c) We have two or more institutional venture investors and we have a small debt facility with our bank that we can draw down if we need it. We keep a steady dialog going with investors that we would like to involve in future financings so we could start a process tomorrow if desired.

What’s your score?

Give yourself one point for each “A” answer, three points for each “B” answer, and five points for each “C” answer.

0-10 points: Pull the ripcord. You need to evaluate your spending immediately and consider pulling back drastically. You may be too early in a nascent market, and it would be wise to conserve capital until the market develops. You may be facing too many competitors which is forcing everyone to spend inefficiently. You may want to scale back sales and marketing while you pivot your product to find a more attractive competitive position. Lastly, you may not be able to raise additional equity if the current venture environment sours. You should look to secure a debt facility and reduce burn to give your team the longest possible runway to succeed.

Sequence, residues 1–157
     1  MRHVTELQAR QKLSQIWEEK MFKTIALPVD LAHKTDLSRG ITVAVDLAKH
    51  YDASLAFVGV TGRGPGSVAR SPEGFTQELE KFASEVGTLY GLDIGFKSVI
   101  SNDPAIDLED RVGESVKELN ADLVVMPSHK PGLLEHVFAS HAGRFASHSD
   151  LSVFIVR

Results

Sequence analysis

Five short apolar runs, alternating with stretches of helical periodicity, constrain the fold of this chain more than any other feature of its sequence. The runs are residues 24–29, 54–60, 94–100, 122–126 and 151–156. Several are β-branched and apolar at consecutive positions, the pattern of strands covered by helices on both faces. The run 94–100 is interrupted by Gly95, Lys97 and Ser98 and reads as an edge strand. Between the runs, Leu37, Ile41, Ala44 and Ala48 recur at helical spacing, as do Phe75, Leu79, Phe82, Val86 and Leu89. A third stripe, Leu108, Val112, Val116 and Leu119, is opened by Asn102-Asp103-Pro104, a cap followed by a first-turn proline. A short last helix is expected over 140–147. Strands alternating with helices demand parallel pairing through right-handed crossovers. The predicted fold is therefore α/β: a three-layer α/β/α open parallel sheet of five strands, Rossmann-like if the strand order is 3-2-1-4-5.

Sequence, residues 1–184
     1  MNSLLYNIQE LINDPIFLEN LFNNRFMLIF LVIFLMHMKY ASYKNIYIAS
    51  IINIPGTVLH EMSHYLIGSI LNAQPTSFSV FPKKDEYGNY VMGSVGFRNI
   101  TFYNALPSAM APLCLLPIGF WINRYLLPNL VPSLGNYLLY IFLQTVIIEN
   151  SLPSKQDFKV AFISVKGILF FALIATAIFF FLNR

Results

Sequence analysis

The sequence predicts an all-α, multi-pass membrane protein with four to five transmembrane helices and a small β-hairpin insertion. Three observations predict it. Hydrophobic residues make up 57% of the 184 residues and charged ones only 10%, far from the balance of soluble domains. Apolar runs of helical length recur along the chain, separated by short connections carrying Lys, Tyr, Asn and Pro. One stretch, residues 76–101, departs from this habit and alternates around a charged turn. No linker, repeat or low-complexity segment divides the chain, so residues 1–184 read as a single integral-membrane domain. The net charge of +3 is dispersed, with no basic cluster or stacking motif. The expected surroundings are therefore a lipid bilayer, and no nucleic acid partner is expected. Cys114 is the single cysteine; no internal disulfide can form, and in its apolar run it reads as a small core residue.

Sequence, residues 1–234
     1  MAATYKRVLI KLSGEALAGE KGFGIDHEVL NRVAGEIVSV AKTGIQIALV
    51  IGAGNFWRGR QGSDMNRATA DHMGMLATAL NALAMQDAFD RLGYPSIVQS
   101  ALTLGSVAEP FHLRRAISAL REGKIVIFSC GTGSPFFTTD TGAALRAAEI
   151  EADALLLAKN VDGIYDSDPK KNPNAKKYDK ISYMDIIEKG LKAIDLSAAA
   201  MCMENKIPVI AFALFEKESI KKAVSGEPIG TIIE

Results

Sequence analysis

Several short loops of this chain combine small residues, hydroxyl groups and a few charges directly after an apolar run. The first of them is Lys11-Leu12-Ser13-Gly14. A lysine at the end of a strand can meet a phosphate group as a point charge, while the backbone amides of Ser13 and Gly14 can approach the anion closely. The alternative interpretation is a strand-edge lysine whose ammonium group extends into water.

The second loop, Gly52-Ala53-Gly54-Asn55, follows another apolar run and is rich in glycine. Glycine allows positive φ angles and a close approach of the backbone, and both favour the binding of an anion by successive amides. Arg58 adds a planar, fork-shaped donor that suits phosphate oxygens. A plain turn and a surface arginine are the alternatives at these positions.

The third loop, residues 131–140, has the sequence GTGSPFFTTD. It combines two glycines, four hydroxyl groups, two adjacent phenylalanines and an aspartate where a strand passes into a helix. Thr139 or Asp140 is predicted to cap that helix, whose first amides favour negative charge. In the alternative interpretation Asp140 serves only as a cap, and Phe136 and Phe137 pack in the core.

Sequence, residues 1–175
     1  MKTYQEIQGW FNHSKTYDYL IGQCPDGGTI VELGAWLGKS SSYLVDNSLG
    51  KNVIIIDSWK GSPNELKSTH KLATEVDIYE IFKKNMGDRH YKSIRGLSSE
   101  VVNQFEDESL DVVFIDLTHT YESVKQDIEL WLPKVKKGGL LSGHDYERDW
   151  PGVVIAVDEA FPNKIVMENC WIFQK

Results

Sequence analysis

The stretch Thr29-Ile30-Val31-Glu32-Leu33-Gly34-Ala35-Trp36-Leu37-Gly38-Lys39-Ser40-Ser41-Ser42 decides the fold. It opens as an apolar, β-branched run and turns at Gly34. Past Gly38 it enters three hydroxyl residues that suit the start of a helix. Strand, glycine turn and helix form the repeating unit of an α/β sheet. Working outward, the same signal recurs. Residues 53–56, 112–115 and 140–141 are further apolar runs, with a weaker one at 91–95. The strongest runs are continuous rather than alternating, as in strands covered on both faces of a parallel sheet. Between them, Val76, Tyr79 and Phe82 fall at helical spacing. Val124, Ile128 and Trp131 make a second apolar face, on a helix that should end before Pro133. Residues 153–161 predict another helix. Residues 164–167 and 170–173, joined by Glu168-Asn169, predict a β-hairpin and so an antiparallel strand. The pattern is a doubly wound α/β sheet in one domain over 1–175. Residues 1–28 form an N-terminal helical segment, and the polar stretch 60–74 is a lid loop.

11-18 points: Pump the brakes. You are not in trouble yet, but you should quickly assess your situation. If you are targeting a large enough market, then you may be justified in continuing to spend on sales and marketing even if you are not that capital efficient. However, you should drill down and figure out why you are not efficient.